The 55-year-old star details how her brother's scandal affected her career in her documentary, 'Janet Jackson.'
It's no secret that Janet Jackson and her brother, Michael Jackson, were close, but the singer is opening up about how their relationship changed at the peak of the late singer's career. In the Control artist's four-part documentary from Lifetime and A+E, Janet Jackson, the 55-year-old looks back at her life and career, and brings fans into her life in a rare moment of vulnerability.
The pop icon looks back at her turbulent past, especially her struggle to step out of her family's shadow and her shifting relationship with the brother she idolized, Michael.
"We had a studio at home and I would go in there and just watch my brothers rehearse all the time. Everything I could I would try to be in the middle of my brothers," Janet recalled. "We always had fun and I loved being around them. So, when they had to work and travel, I missed them. I just felt [like an outcast]. Where do I fit in?"
She shared that she was always closest to her older brothers, Randy and Michael, and the former joins her throughout her reminiscing for most of the first episode of the documentary. But while her relationship with Randy is still strong and full of love, her connection with Michael suffered a change that they never recovered from by the time he died on June 25, 2009, at age 50.
"There were times when Mike used to tease me and call me names. 'Pig, horse, slaughter hog, cow,'" Janet revealed in the series, sharing how she often struggled with her body image and confidence while growing up in the spotlight. "He would laugh about it and I'd laugh too, but then there was somewhere down inside that it would hurt... When you have somebody say you’re too heavy, it affects you."
While Janet and Michael remained close throughout their childhood despite a seven-year age difference, the Rhythm Nation singer said that a "shift" between the siblings began when Michael's solo career boomed in 1982, after the release of his iconic Thriller album. Janet was 16 years old and Michael was 24.
"I remember really loving the Thriller album, but for the first time that's when I felt it was different between the two of us, that a shift was happening," Janet said. "He would always come in my room and we'd talk, and this particular time, he came in my bedroom. Neither of us said a word to each other, and then he got up and left. That's the time Mike and I started going our separate ways. He just wasn't as fun as he used to be."
Even as Janet's career blossomed after her tumultuous marriage to James DeBarge and she let their father Joe go as her manager, she was still living under the weight of the Jackson name.
“Even with the success of Control, I don’t think she was able to escape Michael's shadow," super-producer Jimmy Jam said in the documentary as he and Terry Lewis helped Janet create that album's socially conscious follow-up, Rhythm Nation.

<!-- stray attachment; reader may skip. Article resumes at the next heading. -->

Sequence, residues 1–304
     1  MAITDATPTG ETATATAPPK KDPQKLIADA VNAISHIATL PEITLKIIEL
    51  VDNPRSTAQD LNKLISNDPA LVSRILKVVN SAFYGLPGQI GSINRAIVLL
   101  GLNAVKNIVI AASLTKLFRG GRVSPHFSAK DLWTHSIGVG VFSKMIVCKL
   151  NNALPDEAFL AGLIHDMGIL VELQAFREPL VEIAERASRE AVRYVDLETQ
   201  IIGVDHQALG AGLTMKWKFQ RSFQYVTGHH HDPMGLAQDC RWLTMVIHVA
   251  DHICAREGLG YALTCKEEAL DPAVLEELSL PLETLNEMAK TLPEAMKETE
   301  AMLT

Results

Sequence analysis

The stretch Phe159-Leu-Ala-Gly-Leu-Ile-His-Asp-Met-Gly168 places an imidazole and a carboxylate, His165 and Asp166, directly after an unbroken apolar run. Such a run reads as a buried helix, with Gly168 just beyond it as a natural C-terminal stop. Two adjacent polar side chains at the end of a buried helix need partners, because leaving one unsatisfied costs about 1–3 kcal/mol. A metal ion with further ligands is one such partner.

The episode shows how, during a publicity tour overseas, every interview includes questions about her brother and even as Janet gamely indulges the interviewers, it's visibly weighing on her.
Then, in 1993 when Michael was first accused of child abuse, and despite a successful solo career of her own, Janet found herself battling against "a great deal of scrutiny" as a result of her brother’s controversies.
"It was frustrating for me," she explained in the doc. "We have our own separate lives and even though he's my brother, that has nothing to do with me. But I wanted to be there for him, to support him as much as I possibly could."
The support resulted in a hit to Janet's career when a deal with Coca-Cola -- set to be the biggest brand deal of her career -- was quickly derailed by the shocking allegations.
"When that came out, Coca-Cola said, 'No, thank you,'" she revealed. "Guilty by association. That’s what they call it, right?"
Still, Janet attempted to mend things with her brother by supporting him on the 1995 single "Scream." But even that was turned on its head when Janet was kept away from her brother throughout production.
"Michael shot nights, I shot days. His record company would block off his set so I couldn't see what was going on. They didn't want me on set," she recalled. "That really hurt me because I felt I was there fighting the fight with him, not to battle him. I wanted it to feel like old times between he and I, and it didn't. Old times had long passed."
Despite their estrangement, Janet stayed by her brother's side when he was on trial after new child abuse claims surfaced. After his death, Janet also made a surprise courtroom appearance to hear testimony in Michael’s wrongful death trial. Since then, she's continued to honor her brother, even performing "Scream" during a tribute at the 2009 MTV Video Music Awards.
Most recently, in 2020, Janet shared a black-and-white photo from their childhood on Instagram, celebrating what would have been her brother's 60th birthday. "I miss u big bro," she captioned the photo, along with a kiss emoji.
Janet Jackson airs on Friday, Jan. 28, and Saturday, Jan. 29 on Lifetime and A&E.